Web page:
Russia has undergone significant changes since the collapse of the Soviet Union, moving from a globally-isolated, centrally-planned economy to a more market-based and globally-integrated economy. Economic reforms in the 1990s privatized most industry, with notable exceptions in the energy and defense-related sectors. The protection of property rights is still weak and the private sector remains subject to heavy state interference. In 2011, Russia became the world's leading oil producer, surpassing Saudi Arabia; Russia is the second-largest producer of natural gas; Russia holds the world's largest natural gas reserves, the second-largest coal reserves, and the eighth-largest crude oil reserves. Russia is also a top exporter of metals such as steel and primary aluminum. Russia's reliance on commodity exports makes it vulnerable to boom and bust cycles that follow the volatile swings in global prices. The government since 2007 has embarked on an ambitious program to reduce this dependency and build up the country's high technology sectors, but with few visible results so far. The economy had averaged 7% growth in the decade following the 1998 Russian financial crisis, resulting in a doubling of real disposable incomes and the emergence of a middle class. The Russian economy, however, was one of the hardest hit by the 2008-09 global economic crisis as oil prices plummeted and the foreign credits that Russian banks and firms relied on dried up. According to the World Bank the government's anti-crisis package in 2008-09 amounted to roughly 6.7% of GDP. The economic decline bottomed out in mid-2009 and the economy began to grow again in the third quarter of 2009. High oil prices buoyed Russian growth in 2011-12 and helped Russia reduce the budget deficit inherited from 2008-09. Russia has reduced unemployment to a record low and has lowered inflation below double digit rates. Russia joined the World Trade Organization in 2012, which will reduce trade barriers in Russia for foreign goods and services and help open foreign markets to Russian goods and services. At the same time, Russia has sought to cement economic ties with countries in the former Soviet space through a Customs Union with Belarus and Kazakhstan, and, in the next several years, through the creation of a new Russia-led economic bloc called the Eurasian Economic Union. Russia has had difficulty attracting foreign direct investment and has experienced large capital outflows in the past several years, leading to official programs to improve Russia's international rankings for its investment climate. Russia's adoption of a new oil-price-based fiscal rule in 2012 and a more flexible exchange rate policy have improved its ability to deal with external shocks, including volatile oil prices. Russia's long-term challenges also include a shrinking workforce, rampant corruption, and underinvestment in infrastructure.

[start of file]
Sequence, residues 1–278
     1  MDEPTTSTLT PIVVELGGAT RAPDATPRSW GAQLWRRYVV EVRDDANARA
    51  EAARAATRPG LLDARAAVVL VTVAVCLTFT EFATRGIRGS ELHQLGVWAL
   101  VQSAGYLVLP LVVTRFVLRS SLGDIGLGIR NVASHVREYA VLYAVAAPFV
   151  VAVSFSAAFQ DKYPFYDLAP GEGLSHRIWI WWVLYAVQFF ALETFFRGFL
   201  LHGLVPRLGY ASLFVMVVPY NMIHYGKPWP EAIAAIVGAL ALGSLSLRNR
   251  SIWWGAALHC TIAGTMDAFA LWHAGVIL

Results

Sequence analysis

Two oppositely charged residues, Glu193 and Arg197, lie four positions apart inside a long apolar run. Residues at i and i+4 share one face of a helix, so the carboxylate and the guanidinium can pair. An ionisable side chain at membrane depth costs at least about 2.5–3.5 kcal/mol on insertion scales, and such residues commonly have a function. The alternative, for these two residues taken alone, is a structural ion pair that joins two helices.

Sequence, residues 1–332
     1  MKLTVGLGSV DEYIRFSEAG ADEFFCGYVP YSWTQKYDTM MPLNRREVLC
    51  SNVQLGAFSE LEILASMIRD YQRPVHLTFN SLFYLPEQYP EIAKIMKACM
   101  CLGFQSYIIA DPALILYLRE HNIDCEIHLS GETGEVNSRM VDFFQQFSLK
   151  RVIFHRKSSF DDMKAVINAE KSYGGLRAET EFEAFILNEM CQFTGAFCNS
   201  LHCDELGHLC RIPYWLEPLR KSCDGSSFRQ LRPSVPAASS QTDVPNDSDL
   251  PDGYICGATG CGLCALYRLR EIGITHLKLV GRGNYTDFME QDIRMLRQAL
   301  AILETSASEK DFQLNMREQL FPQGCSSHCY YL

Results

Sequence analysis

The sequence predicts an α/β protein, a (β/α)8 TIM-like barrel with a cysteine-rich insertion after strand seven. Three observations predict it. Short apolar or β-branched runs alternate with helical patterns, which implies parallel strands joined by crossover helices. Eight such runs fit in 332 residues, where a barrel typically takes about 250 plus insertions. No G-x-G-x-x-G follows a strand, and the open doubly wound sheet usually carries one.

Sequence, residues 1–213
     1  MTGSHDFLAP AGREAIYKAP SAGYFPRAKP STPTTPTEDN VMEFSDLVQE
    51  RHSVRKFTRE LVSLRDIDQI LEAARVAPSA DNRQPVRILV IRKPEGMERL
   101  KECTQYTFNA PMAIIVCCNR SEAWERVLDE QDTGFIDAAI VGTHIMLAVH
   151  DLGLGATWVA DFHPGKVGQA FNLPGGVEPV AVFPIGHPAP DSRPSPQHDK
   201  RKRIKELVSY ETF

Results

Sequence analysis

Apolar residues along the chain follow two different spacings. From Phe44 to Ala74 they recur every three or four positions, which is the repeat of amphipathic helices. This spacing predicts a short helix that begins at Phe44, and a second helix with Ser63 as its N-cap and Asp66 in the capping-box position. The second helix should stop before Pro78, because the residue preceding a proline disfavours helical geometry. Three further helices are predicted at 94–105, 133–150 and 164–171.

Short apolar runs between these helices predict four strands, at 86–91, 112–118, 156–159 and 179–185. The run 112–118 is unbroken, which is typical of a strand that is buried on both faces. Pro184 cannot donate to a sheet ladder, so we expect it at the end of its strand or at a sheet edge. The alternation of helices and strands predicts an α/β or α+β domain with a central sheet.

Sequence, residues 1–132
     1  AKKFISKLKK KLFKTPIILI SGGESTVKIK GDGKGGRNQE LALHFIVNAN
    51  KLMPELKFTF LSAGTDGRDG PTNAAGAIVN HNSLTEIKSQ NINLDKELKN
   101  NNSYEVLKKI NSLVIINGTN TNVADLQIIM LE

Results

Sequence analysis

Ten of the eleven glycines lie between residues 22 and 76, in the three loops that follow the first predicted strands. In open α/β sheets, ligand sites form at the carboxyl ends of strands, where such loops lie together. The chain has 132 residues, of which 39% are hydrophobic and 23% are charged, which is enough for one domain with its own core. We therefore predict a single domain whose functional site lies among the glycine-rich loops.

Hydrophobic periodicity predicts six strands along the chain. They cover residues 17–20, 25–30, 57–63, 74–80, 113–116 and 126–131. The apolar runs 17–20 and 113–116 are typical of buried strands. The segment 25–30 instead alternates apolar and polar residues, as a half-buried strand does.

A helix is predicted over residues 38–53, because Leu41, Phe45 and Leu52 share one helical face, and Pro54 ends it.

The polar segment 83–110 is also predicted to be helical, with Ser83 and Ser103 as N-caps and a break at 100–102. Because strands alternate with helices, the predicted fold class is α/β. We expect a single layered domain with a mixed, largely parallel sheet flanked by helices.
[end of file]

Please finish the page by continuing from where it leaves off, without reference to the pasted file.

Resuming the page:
$2.555 trillion (2012 est.)
    country comparison to the world: 7
    $2.471 trillion (2011 est.)
    $2.369 trillion (2010 est.)
    note: data are in 2012 US dollars
    $2.022 trillion (2012 est.)
    3.4% (2012 est.)
    country comparison to the world: 99
    4.3% (2011 est.)
    4.5% (2010 est.)
    $18,000 (2012 est.)
    country comparison to the world: 77
    $17,300 (2011 est.)
    $16,600 (2010 est.)
    note: data are in 2012 US dollars
    30% of GDP (2012 est.)
    country comparison to the world: 26
    30.6% of GDP (2011 est.)
    27.3% of GDP (2010 est.)
    household consumption: 49.2%
    government consumption: 18.6%
    investment in fixed capital: 22%
    investment in inventories: 2.6%
    exports of goods and services: 29.7%
    imports of goods and services: -22.1%
    (2012 est.)
    agriculture: 3.9%
    industry: 36%
    services: 60.1% (2012 est.)
    grain, sugar beets, sunflower seed, vegetables, fruits; beef, milk